Oct 24 Time Warner Cable will carry Al
Jazeera America, which it had dropped earlier this year, giving
the cable news channel a bigger foothold in the United States,
where it has struggled to gain distribution.
The channel, which is owned by Qatar-based Al Jazeera and
launched in August, will be available on digital basic cable
packages in New York, Los Angeles and Dallas in the next six
months, according to a statement by Time Warner Cable on
Time Warner Cable said it would add the channel on all of
its systems in the coming months. The company is the
second-largest U.S. cable provider, with 12 million subscribers.
Time Warner Cable declined to comment on the terms of the
deal, so it is unclear whether Al Jazeera was paying to be
carried on the cable system. A spokeswoman for Al Jazeera did
not respond to a request for comment on whether the network
would pay Time Warner Cable.
Last January, Time Warner Cable had dropped the channel just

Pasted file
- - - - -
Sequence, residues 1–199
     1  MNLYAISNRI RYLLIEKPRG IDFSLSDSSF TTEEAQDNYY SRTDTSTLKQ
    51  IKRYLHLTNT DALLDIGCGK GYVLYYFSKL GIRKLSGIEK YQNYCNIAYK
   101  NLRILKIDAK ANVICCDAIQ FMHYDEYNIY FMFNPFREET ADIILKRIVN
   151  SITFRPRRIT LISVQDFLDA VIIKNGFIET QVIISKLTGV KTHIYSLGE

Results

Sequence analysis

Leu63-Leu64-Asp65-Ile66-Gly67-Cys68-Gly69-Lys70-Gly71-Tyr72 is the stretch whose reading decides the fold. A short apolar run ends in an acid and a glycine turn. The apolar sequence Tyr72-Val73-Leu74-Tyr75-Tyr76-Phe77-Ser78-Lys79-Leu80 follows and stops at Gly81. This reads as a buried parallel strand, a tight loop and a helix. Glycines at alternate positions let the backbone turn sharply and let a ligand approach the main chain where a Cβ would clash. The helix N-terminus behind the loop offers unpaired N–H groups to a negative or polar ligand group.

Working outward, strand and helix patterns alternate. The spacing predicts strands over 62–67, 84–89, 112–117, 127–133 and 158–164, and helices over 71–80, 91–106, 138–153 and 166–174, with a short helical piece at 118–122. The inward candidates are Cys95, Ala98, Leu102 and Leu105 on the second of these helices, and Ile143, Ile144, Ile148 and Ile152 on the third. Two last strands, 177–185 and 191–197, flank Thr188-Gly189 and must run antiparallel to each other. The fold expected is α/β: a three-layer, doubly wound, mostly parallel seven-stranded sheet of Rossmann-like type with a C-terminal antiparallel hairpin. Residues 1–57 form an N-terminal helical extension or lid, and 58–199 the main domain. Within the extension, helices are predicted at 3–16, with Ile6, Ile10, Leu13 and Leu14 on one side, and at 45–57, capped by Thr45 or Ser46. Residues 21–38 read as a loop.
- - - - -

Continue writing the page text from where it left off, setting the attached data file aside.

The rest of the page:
hours after Al Jazeera announced it was buying Current TV, a
struggling cable channel founded by Al Gore.
Bright House Networks, a smaller cable system that Time
Warner Cable negotiates programming contracts for, will also
carry the new channel.
In a statement, Al Jazeera America interim Chief Executive
Officer Ehab Al Shihabi said the channel would now be available
in 55 million homes. It will still trail the reach of CNN
significantly since that network is available in about 100
Comcast Corp, the largest U.S. cable operator,
carries the network, as does DirecTV, Dish Network Corp
and Verizon Communications Inc's FiOS.
Al Jazeera has sued AT&T Inc, which decided not to
carry the channel on its U-verse TV service, which had 5.3
million subscribers as of Sept. 30. )
Globally, Al Jazeera is seen in more than 260 million homes
in 130 countries. But the new U.S. channel funded by the emir of
Qatar has so far had difficulty getting distributors, in part
because Al Jazeera was perceived by some as being anti-American
during the Iraq war.
Al Jazeera, which went live Aug. 20, has pledged to provide
in-depth coverage of stories ignored by other media outlets,
with bureaus in cities it considers underserved, such as
Nashville and Detroit. So far, the channel has not done well in